The level of animosity in public discourse seems to be at an all-time high. Whether it is because of social media, or because we need our information in shorter, sharper sound-bites, smarter people than I will be debating over this right now. However, it stands, that in the current environment where the inflammatory rhetoric of politicians like Donald Trump and, closer to home, Pauline Hanson, are having a real impact, the language of fear and anger seems to be working. So how can we ensure than we communicate effectively, yet steer away from inflammatory rhetoric?

The first point to establish is that in communicating complex and challenging topics, rage and anger seem attractive because they get our attention, but they really lead to nothing. The key to developing understanding is language that is calm, inclusive and factual.

There is actually even a scientific reason for this. When we are in a highly emotive state, we have a visceral or gut reaction, but it is very hard for us to think or rationalize. This highly agitated state of arousal can be called a hijack of the amygdala. The Amygdala hijack is a term coined by Daniel Goleman in his book Emotional Intelligence: Why It Can Matter More Than IQ.  Goleman uses the term to describe emotional responses from people which are immediate and overwhelming, and out of measure with the actual stimulus because it has triggered a much more significant emotional threat. This is also sometimes called the ‘fight or flight’ mechanism.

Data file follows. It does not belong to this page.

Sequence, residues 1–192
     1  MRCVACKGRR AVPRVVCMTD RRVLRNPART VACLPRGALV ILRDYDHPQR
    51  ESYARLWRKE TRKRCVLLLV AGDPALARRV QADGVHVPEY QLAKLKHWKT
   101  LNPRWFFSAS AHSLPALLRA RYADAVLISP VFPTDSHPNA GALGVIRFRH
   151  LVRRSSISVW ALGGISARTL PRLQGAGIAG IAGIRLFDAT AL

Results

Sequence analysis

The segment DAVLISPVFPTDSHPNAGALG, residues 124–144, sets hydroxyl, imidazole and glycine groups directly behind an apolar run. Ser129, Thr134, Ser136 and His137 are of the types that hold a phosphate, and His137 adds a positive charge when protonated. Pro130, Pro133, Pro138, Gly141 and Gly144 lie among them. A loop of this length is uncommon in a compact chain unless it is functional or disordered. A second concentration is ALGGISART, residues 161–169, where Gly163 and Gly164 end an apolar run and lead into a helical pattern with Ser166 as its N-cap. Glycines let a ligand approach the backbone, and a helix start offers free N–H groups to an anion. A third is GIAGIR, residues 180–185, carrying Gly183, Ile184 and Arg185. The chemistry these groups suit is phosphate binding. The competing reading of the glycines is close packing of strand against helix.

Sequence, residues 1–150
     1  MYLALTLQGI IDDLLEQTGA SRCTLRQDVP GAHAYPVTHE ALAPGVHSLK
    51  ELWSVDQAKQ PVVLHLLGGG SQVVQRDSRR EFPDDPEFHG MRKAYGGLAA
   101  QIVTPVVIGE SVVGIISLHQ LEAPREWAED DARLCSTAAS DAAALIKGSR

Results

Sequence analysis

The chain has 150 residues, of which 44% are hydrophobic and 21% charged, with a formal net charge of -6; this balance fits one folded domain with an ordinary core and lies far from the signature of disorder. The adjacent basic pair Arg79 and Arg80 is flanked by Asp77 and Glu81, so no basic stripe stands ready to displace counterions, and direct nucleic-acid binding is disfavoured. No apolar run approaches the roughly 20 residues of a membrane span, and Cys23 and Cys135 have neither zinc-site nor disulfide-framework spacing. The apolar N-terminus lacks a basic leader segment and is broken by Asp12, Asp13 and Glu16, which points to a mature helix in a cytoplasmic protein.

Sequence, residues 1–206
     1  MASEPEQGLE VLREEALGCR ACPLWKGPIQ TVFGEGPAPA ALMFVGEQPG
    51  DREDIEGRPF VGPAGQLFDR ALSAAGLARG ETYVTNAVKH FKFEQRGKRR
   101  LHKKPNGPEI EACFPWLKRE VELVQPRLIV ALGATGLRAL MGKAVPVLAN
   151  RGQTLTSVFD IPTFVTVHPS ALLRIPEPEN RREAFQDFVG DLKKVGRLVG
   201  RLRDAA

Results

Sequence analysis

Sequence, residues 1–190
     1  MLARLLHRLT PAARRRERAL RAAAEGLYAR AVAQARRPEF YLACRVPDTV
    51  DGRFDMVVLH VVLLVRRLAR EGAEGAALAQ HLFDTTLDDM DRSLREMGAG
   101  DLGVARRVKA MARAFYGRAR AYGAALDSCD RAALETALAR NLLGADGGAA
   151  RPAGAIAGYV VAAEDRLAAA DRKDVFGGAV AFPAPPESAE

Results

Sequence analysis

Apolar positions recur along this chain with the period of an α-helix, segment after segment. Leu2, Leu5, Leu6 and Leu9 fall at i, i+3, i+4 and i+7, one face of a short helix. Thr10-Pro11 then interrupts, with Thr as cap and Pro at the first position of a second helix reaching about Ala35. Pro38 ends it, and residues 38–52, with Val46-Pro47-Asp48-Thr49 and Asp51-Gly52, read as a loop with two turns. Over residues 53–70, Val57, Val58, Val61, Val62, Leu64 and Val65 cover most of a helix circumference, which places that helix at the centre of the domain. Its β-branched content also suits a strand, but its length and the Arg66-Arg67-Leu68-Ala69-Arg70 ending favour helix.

When we are in this state our options for calm, rational discourse is virtually nil. So, great for a sound-bite, but it is terrible for any meaningful dialogue. So here are a few tips for more communicating challenging concepts without triggering outrage:

  • Keep language neutral: Try and avoid language that is designed to trigger a highly emotional response. If in doubt test it on a colleague.
  • Deliver in a calm, yet meaningful tone: No, not a monotone! But if you are calm your delivery will be too. Focus on using slow and deliberate breathing and your delivery and tone will be calm and clear.
  • Listen and adapt: Whilst you are slowing your delivery keep an ear out for the responses. If people can’t hear you speak up, seek on going feedback from your audience and change if needed.